When a woman tells Adam Sillery her birth date in 1985, he answers with the day of the week. And, he’s correct.
But, when he’s told why he must stay home from his job and community activities at Opportunity Partners’ (OP) Asplin Center, that’s harder to understand. He’s had to remain at a group home for almost two months. Staffed 24-7, he and three other men are following the governor's stay at home order.
“It’s very alienating. I don’t think he understands why he can’t do things and why he can’t see us,” said his mother. “It’s very unsettling. The next phase of this is going to be- when do they go back and what’s that going to look like?”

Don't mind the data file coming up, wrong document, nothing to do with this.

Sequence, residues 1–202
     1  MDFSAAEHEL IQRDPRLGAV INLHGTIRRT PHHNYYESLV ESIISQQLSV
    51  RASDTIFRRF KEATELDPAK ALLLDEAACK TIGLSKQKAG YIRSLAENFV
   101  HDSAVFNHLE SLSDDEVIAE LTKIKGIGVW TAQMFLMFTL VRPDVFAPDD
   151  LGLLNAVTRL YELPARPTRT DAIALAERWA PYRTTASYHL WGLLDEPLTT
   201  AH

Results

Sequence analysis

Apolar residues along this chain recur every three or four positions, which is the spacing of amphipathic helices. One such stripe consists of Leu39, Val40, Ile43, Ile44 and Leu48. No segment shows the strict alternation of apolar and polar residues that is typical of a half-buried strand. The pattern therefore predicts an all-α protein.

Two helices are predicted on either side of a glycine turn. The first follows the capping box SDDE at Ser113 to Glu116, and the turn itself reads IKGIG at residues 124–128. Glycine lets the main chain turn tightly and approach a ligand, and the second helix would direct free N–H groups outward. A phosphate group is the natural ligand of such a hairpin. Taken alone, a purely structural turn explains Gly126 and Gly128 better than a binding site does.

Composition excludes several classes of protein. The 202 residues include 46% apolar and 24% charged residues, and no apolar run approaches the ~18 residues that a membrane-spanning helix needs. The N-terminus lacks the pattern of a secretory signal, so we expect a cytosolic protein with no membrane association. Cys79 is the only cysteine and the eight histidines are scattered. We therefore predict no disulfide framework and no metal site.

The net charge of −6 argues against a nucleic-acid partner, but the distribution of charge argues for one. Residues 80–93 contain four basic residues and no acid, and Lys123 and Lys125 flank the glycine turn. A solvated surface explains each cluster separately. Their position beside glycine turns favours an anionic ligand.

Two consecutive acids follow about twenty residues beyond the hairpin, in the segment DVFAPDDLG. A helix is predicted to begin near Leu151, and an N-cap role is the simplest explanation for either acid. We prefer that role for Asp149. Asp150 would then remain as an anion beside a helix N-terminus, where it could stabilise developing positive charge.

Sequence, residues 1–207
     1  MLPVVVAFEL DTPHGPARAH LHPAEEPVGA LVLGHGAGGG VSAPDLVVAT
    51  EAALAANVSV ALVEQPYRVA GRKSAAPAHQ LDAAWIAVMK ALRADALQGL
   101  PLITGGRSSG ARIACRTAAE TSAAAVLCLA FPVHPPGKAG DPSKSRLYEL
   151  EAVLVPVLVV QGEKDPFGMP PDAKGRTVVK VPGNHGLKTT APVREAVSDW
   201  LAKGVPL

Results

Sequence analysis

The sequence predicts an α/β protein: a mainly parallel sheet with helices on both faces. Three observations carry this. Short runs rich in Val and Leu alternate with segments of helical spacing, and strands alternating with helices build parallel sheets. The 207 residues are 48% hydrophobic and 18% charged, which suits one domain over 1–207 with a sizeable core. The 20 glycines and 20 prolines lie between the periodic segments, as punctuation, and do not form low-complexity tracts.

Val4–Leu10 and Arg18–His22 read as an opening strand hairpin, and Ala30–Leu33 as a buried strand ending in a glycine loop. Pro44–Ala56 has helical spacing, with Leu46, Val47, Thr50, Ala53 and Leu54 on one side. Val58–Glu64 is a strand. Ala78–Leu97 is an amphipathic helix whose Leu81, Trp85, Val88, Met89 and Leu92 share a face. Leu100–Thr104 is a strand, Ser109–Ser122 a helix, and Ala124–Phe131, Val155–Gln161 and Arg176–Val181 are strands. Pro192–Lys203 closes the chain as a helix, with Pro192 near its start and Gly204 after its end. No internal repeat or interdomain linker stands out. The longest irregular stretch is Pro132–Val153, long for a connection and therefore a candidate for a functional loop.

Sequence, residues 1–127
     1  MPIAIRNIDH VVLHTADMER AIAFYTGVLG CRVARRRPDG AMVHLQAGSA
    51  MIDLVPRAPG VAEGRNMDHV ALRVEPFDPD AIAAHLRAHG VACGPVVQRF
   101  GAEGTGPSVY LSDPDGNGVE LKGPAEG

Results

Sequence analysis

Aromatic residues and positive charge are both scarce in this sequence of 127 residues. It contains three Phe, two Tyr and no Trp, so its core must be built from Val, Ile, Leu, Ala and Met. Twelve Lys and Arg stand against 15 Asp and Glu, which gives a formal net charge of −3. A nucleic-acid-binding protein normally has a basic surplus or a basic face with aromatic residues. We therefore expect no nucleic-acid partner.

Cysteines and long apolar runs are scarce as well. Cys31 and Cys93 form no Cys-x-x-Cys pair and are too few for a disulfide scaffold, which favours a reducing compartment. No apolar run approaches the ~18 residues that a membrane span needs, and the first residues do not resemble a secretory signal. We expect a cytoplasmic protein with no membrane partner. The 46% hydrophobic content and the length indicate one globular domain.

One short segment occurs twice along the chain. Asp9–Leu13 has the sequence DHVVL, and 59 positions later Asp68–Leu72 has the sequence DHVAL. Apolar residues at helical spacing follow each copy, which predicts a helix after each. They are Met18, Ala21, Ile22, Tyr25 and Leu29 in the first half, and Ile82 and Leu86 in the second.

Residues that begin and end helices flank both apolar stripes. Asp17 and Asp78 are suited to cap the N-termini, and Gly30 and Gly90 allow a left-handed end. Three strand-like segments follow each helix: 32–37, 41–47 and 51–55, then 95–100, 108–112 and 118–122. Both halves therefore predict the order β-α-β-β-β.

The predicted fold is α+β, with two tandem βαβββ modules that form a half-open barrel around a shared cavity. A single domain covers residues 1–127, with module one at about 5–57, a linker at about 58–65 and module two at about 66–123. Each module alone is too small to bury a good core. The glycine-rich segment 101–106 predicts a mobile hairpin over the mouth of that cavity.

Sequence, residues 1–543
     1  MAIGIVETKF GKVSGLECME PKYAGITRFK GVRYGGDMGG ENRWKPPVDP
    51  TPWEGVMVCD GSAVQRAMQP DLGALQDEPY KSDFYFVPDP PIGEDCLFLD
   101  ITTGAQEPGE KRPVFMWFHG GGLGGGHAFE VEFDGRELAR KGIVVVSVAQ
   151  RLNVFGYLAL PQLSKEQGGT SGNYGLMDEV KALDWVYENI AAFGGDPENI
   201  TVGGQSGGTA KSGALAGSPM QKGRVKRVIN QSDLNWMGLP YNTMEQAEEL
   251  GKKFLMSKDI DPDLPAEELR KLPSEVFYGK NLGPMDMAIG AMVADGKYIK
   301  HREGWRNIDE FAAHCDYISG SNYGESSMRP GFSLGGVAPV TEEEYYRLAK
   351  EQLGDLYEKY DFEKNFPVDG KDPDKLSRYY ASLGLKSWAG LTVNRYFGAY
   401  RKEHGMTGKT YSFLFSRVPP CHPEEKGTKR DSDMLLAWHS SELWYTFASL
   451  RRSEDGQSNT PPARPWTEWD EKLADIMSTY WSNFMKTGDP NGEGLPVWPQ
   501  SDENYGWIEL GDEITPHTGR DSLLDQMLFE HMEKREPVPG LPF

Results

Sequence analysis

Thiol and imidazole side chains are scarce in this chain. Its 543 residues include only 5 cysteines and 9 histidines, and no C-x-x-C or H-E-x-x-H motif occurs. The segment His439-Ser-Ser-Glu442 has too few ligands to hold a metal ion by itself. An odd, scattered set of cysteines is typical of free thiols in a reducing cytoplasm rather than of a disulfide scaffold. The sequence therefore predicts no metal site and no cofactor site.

No clear path to normal
As of May 11, there were no set dates for Adam to return to the day program. And, since Margie’s son works for a special minimum wage, she’s fearful that this option may somehow fall victim to the changes that are coming due to virus concerns.
Adam, 28, was diagnosed with a form of autism at age four. He often repeats back what’s being said to him.